THYESTES – Monologue (The Fury)

A monologue from the play by Seneca

NOTE: This monologue is reprinted from Seneca’s Tragedy, v. ii. Trans. Frank Justus Miller. New York: G.P. Putnam’s Sons, 1917.


Onward, damned shade, and goad thy sinful house to madness. Let there be rivalry in guilt of every kind;

let the sword be drawn on this side and on that; let their passions know no bounds, no shame; let blind fury prick on their souls;

heartless be parents’ rage, and to children’s children let the long trail of sin lead down; let time be given to none to hate old sins–

ever let new arise, many in one, and let crime, e’en midst its punishment, increase. From haughty brothers’ hands let kingdoms fall,

and in turn let them call back the fugitives; let the wavering fortune of a home of violence midst changing kings totter to its fall;

from power to wretchedness, from wretchedness to power–may this befall, and may chance with her ever-restless waves bear the kingdom on.

For crimes’ sake exiled, when God shall bring them home, to crime may they return, and may they be as hateful to all men as to themselves;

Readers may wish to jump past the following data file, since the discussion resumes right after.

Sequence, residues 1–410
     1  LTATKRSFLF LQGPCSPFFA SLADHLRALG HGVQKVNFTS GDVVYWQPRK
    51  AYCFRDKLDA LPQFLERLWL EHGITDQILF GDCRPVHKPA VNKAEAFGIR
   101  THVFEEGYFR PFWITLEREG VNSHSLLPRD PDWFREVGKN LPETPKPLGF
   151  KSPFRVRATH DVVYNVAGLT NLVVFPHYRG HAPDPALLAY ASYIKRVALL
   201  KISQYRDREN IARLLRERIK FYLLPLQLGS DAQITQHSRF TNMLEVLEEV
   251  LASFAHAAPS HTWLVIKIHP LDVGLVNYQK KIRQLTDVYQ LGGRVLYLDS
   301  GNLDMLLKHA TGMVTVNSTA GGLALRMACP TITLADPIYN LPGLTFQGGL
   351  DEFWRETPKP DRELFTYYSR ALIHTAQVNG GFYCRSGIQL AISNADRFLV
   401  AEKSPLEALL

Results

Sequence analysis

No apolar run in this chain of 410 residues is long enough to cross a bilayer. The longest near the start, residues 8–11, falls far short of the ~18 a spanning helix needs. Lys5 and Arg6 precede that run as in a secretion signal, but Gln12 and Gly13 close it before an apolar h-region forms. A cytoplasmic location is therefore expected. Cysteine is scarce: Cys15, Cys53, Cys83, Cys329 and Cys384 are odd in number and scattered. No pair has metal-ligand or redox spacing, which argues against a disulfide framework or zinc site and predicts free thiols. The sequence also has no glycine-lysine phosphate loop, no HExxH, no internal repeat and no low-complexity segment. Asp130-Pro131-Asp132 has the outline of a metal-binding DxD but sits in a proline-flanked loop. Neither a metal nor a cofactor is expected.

let there be naught which passion deems unallowed; let brother fear brother, father fear son, and son father;

let children vilely perish and be yet more vilely born; let a murderous wife lift hand against her husband, let wars pass over seas,

let streaming blood drench every land, and over the mighty chiefs of earth let Lust exult, triumphant.

In this sin-stained house let shameful defilement be a trivial thing; let fraternal sanctity and faith and every right be trampled under foot.

By our sins let not heaven be untainted–why do the stars glitter in the sky? Why do their fires preserve the glory due the world?

Let the face of night be changed, let day fall from heaven. Embroil thy household gods, summon up hatred,

slaughter, death, and fill the whole house with Tantalus. Adorn the lofty pillar and with laurel let the festal doors be green;

let torches worthy of thine approach shine forth–then let the Thracian crime be done with greater number. Why is the uncle’s hand inactive?

Not yet does Thyestes bewail his sons–and when will he lift his hand? Now set o’er the flames let cauldrons foam;

let the rent members one by one pass in; let the ancestral hearth be stained with blood, let the feast be spread–

to no novel feast of crime wilt come as banqueter. To-day have we made thee free, have loosed thy hunger to the banquet yonder;

go, feed full thy fasting, and let blood, with wine commingled, be drunk before thine eyes.

I have found feast which thou thyself wouldst flee–but stay! Whither dost thou headlong rush?

Read the play here

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